Imperial's Steelman Unit Ia and II Waterflood System
- D.W. Stevenson (Imperial Oil Ltd.)
- Document ID
- Petroleum Society of Canada
- Journal of Canadian Petroleum Technology
- Publication Date
- December 1962
- Document Type
- Journal Paper
- 191 - 195
- 1962. Petroleum Society of Canada
- 4.2.3 Materials and Corrosion, 4.1.5 Processing Equipment, 4.6 Natural Gas, 4.9 Facilities Operations, 4.2 Pipelines, Flowlines and Risers, 4.3.4 Scale, 1.6 Drilling Operations, 5.4.1 Waterflooding, 1.13 Casing and Cementing, 4.1.2 Separation and Treating, 5.1.1 Exploration, Development, Structural Geology
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In January, 1962, full-scale water flooding began in the Steelman field ofsoutheastern Saskatchewan. The field has been developed on 80-acre spacing andthe injection pattern is an inverted nine-spot. The main requirements of theflood are a high quality water and flexibility in injection rates andpressures. To accomplish these ends water from the high capacity Blairmore sandis distributed to the injection plants, where it is filtered andinhibitor-treated, before injection into high pressure lines radiating to theinjection wells. The pressure and rate of injection to each well is controlledat the injection plant. Plant operation is semi-automatic and source wellpumps, filters, engines and injection pumps are protected by safety controls.Corrosion throughout the injection system is controlled through coatings andinhibitor and bacteriacide injection.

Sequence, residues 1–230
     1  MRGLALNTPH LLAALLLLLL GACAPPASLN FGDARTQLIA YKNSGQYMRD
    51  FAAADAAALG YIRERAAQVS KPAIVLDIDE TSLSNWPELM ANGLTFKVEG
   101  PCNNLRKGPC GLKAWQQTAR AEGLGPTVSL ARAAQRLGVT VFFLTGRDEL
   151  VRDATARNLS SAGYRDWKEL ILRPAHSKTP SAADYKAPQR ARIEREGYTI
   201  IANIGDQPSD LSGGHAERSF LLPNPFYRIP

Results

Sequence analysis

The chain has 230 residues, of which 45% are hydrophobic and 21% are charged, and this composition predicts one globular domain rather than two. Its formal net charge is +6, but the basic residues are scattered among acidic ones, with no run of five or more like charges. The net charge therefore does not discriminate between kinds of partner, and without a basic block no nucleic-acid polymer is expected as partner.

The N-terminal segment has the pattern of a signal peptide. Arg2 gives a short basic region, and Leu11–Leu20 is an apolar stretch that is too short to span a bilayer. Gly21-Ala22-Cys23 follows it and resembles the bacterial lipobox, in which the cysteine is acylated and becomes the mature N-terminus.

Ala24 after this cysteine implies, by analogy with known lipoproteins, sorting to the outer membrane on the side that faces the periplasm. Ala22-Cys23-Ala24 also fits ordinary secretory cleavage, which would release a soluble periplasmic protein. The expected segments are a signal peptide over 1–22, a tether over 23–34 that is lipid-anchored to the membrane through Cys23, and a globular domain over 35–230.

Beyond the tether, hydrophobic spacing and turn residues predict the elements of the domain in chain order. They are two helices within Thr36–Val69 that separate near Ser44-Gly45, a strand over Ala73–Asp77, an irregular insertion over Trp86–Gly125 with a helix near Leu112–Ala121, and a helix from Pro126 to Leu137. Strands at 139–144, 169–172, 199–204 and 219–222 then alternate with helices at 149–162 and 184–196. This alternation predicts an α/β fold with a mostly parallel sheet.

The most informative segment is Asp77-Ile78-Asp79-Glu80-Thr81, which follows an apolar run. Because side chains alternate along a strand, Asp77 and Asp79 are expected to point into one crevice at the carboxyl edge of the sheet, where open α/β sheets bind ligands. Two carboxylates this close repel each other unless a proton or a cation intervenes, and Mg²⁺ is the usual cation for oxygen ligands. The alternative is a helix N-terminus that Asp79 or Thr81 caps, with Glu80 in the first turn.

The design of the injection system was influenced by the results of a pilotoperation which commenced in 1958. The use of dry gas engines and diatomaceousearth filters are some of the design improvements derived from pilotexperience. This presentation discusses the design of surface facilities forthe water floods in Steelman Units IA and II, which were installed by ImperialOil Limited in 1961.
The Steelman field is on the northern rim of the Williston Basin insoutheast Saskatchewan, approximately 15 miles north of the InternationalBoundary (Figure 1). The reservoir, at an average depth of 4,700 ft., isa stratigraphic trap of Mississippian limestone known locally as the MidaleBeds. The zone is thin and heterogeneous with low permeability. To date, 760wells have been drilled on 80-acre spacing. Recovery has been estimated at 16per cent under natural depletion and 35 per cent under water flooding.
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